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Do special occasions have to be shared out fairly?

(13 Posts)
Exhausted01 Wed 13-Jan-16 20:24:05

NC for this so as not to out myself with other family members.

When me and DH got married we agreed that we'd spend alternating Xmas and Easter with each set of parents. We told them this but said when we had kids, this would change and we would do whatever suited us best. I am an only child, DH isn't but his parents don't see their other 2 children for various reasons so essentially he's like an only child.

We now have our DD so as previously stated all prior agreements have come to an end in regards to sharing Xmas and Easter equally. This year it was due to be DHs parents Easter. Up until a couple of days ago we hadn't discussed where we were spending Easter. We then get an invite from a Uni friend of mine who's getting married on 26th March 2.5 hours away (near where my parents live) When I look at the calendar I realise this is the day before Easter, also my DFs birthday happens to fall on Easter Sunday. Mentioned this to DH tonight saying I'd really like to go to the wedding (missed engagement party because DH was being a PITA) and also it works out nicely that my Dads birthday is next day. However this means we won't be spending Easter with his parents. Cue the sulking......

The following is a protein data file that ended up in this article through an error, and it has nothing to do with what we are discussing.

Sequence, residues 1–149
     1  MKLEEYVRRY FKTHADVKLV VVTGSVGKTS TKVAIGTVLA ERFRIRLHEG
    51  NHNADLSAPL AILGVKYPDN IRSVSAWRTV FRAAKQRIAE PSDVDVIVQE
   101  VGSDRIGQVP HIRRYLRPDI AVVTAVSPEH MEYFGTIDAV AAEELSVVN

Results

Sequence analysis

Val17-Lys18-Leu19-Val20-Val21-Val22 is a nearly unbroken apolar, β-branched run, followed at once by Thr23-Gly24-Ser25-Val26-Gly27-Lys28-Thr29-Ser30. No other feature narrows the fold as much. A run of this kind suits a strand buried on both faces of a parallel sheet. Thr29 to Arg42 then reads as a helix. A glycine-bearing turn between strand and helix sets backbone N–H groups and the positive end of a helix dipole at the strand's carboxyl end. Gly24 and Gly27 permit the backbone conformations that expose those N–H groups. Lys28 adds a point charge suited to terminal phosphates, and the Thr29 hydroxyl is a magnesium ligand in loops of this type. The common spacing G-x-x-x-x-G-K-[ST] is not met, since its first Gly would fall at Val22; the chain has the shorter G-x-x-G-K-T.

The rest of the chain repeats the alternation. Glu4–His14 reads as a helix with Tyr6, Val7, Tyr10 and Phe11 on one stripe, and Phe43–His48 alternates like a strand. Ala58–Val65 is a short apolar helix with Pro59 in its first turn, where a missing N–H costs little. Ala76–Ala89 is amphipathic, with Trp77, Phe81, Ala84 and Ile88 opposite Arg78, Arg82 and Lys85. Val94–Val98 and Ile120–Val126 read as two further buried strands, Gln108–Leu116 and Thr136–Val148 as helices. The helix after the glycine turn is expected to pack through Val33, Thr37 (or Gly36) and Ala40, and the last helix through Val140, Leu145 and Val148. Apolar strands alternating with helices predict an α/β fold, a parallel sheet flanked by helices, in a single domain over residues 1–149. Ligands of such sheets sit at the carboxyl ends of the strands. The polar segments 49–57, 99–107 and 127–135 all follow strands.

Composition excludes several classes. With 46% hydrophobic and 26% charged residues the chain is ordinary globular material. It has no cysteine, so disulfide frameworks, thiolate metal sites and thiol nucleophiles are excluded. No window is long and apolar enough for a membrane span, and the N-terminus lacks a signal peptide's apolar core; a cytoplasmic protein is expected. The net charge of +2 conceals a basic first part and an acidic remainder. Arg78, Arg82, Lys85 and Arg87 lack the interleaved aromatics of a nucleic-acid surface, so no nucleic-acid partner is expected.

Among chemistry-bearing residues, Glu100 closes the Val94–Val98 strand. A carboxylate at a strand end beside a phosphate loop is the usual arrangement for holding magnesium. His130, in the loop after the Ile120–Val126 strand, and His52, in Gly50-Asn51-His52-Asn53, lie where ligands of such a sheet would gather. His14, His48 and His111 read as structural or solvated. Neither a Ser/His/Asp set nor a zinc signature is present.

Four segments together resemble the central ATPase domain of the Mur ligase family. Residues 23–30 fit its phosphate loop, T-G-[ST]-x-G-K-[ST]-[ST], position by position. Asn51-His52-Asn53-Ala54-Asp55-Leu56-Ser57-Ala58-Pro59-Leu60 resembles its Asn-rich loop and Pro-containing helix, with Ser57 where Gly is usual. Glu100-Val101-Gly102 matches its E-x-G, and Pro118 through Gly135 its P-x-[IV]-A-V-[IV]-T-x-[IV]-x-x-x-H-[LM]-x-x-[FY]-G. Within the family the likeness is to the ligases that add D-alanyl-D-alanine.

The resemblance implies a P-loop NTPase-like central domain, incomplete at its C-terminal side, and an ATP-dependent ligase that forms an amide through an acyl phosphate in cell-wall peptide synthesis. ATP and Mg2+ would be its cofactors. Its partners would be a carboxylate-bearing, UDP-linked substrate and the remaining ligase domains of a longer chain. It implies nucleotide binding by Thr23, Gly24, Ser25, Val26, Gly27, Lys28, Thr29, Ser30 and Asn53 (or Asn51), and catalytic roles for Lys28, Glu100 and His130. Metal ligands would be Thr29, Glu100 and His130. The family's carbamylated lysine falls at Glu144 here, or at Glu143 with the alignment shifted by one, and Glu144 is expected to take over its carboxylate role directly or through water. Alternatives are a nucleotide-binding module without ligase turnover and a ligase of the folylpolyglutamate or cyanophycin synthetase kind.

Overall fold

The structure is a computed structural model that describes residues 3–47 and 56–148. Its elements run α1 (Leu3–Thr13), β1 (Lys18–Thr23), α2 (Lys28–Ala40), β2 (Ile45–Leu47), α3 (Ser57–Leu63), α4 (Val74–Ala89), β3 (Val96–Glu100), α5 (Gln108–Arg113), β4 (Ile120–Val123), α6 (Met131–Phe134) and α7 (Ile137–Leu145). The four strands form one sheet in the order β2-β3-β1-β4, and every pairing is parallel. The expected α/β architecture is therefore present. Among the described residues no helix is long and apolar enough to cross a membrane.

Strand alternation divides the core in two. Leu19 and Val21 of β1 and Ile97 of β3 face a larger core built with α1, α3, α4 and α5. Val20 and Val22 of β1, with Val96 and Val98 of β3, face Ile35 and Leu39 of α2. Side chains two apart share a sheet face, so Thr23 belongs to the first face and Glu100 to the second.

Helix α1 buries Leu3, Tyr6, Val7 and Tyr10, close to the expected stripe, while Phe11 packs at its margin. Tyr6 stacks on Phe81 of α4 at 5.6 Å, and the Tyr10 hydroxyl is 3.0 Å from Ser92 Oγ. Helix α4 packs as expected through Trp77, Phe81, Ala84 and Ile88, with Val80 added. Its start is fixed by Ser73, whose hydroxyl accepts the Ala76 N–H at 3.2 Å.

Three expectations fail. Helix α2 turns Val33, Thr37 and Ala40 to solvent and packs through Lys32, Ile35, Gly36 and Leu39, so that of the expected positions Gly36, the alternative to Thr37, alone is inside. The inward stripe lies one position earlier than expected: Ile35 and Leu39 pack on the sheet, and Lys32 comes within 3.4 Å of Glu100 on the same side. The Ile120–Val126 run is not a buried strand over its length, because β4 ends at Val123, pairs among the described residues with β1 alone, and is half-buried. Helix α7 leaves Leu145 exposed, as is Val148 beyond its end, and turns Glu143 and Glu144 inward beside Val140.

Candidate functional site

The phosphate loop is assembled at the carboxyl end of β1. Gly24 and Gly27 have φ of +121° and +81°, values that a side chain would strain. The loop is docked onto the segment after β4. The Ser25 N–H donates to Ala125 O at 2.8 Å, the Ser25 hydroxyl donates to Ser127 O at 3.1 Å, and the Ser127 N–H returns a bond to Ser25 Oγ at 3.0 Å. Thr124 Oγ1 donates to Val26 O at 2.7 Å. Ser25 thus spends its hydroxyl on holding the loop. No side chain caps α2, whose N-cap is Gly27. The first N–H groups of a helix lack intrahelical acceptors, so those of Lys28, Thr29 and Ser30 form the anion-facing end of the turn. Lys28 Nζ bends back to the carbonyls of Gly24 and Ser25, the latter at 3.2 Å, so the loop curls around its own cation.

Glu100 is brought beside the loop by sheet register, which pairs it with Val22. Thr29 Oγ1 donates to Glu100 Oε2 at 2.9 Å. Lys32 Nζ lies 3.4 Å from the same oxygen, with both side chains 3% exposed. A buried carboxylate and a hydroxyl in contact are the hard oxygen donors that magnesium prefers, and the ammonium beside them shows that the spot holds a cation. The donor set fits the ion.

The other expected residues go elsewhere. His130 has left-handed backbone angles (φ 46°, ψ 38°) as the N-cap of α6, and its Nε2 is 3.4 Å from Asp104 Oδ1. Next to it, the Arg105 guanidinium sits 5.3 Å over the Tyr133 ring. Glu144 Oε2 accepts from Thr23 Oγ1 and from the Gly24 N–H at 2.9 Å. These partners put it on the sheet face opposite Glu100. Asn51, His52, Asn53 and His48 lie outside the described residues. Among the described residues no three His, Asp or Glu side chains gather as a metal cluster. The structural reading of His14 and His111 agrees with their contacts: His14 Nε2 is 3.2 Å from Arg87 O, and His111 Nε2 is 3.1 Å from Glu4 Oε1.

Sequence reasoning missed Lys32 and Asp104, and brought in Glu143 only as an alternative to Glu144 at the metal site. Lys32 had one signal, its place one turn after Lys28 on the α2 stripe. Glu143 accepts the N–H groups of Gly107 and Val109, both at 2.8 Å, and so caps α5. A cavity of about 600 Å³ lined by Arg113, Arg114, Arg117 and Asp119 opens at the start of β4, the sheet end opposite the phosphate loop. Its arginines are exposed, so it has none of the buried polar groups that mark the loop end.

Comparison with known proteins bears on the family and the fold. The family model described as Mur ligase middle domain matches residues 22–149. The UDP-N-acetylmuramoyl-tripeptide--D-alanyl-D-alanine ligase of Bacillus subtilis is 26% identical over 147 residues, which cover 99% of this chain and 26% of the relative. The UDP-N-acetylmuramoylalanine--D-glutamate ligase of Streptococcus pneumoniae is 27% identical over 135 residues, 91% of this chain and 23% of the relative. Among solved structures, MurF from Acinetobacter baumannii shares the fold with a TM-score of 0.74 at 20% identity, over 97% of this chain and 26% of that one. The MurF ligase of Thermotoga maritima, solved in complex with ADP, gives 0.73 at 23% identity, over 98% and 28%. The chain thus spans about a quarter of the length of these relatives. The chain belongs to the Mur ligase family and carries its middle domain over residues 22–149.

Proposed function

Now I'm upset with him for the following reasons:

1. He seems to have gone back on our agreement that we do our own thing when DCs come along....he wants to stick to the original thing of alternating so as not to upset his DM.
2. He acted like a child when we were meant to go to engagement party (he didn't want to go as he doesn't like to socialise) and pretended to be ill so we couldn't go. After an argument back then he promised me he would come to the wedding....he now seems to want to back out.